TW: Really a large number of racist caricatures and slurs.
Mother Jones had an interesting article, and some SEO expert persuaded them to put the words “slavery” and “twitter” in the URL, but actually it’s about diversity in children’s books. The article has problems, but it includes a passage that is impressive in its honesty (especially for Mother Jones):
Some diversity advocates fear that the vitriol of the internet attacks will give pause to skittish writers and publishers. “For me, the biggest issue is the chill on diversity that is happening because of the feeling that it is okay to destroy people on social media,” Taylor-Butler told me. “We have lost the perspective that these are books and they are going to be imperfect.”
Obviously I think that social media is a red herring in this passage, and what is important is our desire to “destroy somebody.” Speaking as a writer who has been called a racist for poking good-natured fun at Frenchmen (!) in a children’s book, this is a danger near and dear to my heart. But I would like to point out that we have a problem with diverse children’s books irregardful of our insatiable malice. Look, we have had diverse children’s books for a long time. And they’re all racist.
By which I mean some of them are racist. No one can agree on the definition of the word racist (although everyone feels very strongly about it), so I’m not here to quibble about it today, but Little Black Sambo didn’t start out racist. In 1899 (his first appearance) he wasn’t even black! Sambo, in Helen Bannerman’s classic children’s book of the same name, is not African but Indian, and beyond the inauthentic names of his parents there’s nothing really problematic in his story, which involves defeating tigers with cunning. At some point between 1899 and now, though, sambo became a racial slur (the word predates the book, but good luck figuring out just how offensive terms were in the nineteenth century), and illustrations of him became stereotypical. It’s worth contrasting Bannerman’s original illustrations and noting how little control Bannerman had over the worsening situation (many editions were pirated in those fast-and-loose copyright days). Here’s an article, from the kerfluffle surrounding a Japanese reissue of Sambo, that backhandedly calls the author a racist based on the book’s content while grudgingly admitting that “Bannerman was no Hitler.” (It also mentions that the Japanese Olympic committee encouraged parents to burn their copies of the book, in an attempt “to appear cosmopolitan.” So, yikes!)
One problem is that nearly every illustration of a black person made before the mid twentieth century is racist, whether intended to be or not, because the conventions of illustration have become taboo. Walt Kelly’s black characters—Bumbazine and Buckwheat—were clearly intended to be respectful, but they’re going to raise an eyebrow simply because Kelly was unsure how to produce a caricature that would be acceptable now, four decades after his death, while still signaling the character’s race. I think we can grade him “above average,” depending on what point of his career we peek at (eventually, of course, he stopped drawing humans altogether).
Obviously plenty of children’s books are what I’ll call “intentionally offensive”—the first Bobbsey Twins volume contains a scene played for laughs where Flossie’s black doll is segregated from her other, white, dolls, and although I don’t think the white readership of 1904 was offended, it’s hard to pretend that this passage was not designed to be, at the very least, exclusionary.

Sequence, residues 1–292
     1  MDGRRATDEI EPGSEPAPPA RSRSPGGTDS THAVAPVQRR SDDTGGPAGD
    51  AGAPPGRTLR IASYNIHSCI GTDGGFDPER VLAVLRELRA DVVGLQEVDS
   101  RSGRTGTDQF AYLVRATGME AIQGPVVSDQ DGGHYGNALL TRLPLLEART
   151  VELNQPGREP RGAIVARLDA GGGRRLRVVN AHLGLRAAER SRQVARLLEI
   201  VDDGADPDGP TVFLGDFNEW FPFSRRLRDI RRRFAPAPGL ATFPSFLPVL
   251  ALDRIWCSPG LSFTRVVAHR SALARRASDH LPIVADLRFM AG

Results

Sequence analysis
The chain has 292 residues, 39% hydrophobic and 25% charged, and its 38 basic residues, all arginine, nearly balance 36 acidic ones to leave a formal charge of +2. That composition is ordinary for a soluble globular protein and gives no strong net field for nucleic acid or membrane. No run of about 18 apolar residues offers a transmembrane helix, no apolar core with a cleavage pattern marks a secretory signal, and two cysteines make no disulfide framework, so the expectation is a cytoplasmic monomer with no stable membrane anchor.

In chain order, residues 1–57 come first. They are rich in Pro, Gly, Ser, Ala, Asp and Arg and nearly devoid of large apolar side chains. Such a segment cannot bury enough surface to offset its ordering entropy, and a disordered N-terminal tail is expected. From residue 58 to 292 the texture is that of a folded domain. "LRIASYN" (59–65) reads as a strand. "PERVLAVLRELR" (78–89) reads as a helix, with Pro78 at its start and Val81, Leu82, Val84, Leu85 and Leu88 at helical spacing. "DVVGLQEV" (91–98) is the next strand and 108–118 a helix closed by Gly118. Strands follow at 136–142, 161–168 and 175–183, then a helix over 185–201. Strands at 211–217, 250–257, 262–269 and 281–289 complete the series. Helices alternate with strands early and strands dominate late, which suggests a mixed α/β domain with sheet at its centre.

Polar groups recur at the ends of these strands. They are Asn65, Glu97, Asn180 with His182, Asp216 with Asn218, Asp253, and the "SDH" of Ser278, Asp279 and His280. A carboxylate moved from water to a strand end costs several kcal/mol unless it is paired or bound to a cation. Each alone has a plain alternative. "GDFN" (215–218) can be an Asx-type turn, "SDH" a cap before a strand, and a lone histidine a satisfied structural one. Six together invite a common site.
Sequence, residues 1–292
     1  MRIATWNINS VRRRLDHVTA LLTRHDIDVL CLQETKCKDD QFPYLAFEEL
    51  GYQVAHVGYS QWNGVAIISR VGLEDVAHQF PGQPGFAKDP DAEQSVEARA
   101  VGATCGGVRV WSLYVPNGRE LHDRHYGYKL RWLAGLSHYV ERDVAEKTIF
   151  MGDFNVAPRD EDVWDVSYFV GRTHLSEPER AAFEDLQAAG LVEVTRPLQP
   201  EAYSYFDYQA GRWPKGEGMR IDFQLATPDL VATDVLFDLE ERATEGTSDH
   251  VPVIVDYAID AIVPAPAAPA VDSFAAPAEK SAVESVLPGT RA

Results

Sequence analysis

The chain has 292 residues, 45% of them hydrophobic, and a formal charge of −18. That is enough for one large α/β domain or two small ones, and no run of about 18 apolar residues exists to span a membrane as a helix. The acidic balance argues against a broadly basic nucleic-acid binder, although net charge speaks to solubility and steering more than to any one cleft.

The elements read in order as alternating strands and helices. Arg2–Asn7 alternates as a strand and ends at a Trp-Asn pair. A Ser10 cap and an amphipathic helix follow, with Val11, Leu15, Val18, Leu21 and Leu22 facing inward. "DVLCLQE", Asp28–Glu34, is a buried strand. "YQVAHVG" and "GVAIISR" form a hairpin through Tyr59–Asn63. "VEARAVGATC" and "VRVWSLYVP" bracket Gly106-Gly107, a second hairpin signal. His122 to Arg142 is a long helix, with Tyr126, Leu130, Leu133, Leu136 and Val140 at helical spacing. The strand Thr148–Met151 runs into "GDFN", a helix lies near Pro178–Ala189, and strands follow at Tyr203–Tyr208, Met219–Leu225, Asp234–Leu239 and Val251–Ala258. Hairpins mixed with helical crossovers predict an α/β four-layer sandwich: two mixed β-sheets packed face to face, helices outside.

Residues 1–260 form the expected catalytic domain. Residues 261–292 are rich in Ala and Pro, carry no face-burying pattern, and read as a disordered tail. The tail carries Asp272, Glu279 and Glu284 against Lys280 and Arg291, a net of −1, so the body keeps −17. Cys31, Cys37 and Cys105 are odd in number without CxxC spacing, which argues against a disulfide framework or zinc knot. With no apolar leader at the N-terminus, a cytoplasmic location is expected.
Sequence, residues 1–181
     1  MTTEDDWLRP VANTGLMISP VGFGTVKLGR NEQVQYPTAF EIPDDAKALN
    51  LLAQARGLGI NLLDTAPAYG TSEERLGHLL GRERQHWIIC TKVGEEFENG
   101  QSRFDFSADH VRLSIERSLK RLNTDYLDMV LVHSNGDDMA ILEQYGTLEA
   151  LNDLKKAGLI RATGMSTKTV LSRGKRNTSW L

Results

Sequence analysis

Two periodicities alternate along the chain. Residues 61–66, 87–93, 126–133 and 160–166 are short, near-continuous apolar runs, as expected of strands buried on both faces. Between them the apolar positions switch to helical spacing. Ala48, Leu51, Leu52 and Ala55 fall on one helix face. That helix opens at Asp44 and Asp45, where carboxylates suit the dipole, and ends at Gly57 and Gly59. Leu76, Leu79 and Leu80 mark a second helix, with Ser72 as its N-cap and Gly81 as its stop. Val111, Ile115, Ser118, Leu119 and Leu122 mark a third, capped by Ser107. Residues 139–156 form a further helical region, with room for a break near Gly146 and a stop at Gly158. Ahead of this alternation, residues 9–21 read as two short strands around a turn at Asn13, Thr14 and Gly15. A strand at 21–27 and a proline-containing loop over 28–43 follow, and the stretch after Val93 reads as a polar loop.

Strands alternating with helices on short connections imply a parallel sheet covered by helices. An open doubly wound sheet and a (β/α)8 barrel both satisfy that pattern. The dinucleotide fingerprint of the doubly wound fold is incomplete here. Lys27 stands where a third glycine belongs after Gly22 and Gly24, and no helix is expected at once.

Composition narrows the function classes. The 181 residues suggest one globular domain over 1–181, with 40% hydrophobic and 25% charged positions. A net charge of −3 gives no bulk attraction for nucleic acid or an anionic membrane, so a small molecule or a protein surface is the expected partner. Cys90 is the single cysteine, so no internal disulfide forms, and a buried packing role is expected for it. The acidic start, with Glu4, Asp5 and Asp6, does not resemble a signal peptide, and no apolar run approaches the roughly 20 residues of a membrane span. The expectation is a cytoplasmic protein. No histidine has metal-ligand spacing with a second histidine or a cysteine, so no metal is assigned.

I picked this example almost at random from a vast sea of possible examples, but it’s worth noting that what is offensive now differs from what was offensive in the past (pace Matthew Berry on the right) in hard-to-guess and sometimes arbitrary ways. We’ve already seen that retarded started out as a positive, progressive word; it’s not as though people who named the UNCF or the NAACP did so while gritting their teeth over the taboo terms Negro and colored, vowing that someday they would have the power to fight back against these offensive names for their organizations. Far from being a relic of a time when people were more racist, these names are a relic of a time when we had not decided that certain words were taboo.
This is a little off-topic, but it plays into some of my favorite themes: You may have heard that Eskimo is now considered (like many ostensibly neutral older terms such as Chinaman) as slur, and that the preferred term is Inuit. If you have, it is the result of a deliberate campaign by the Inuit to have their name changed in everyday speech. The only problem is that not all Eskimos are Inuit. A subgroup of Eskimos, admittedly the largest subgroup of Eskimos, has managed to persuade much of America that their own name should become a generic term for other people. Imagine if the Chinese government convinced aliens that the only inoffensive term for Earth is China and all these Earthlings should be called Chinese. This is exactly analogous to the Inuit situation. In our attempts to be more inclusive we have been bamboozled into “erasing” (to use the current buzzword) the native population of Alaska, for example.
Browse through America’s racist place names and see how many may never have been intended as racist. Did you know “squaw” was racist, and, according to a debunked etymology, obscene? Was it racist when used, as a common word, in all Algonquian languages, or did it become racist later on? If “Negro” is flagged every time (as it is here) what do we make of the UNCF? Is “Dago Creek” racist (as it is here) and if so are Italians a race?; are, then, the French? If every place name with the words “Uncle Tom”in it is forbidden (as it is here), what are we to make of the book the term comes from, which is undoubtedly problematic but was still intended to be in direct opposition to racism? I raise these issues not to pretend that Squaw Mountain is inoffensive or should not be changed, but merely to point out that in all likelihood it is we who chose to change the meaning of the word, making the innocent connotation corrupt, just as we chose to change the meaning of Stowe’s saintly Uncle Tom.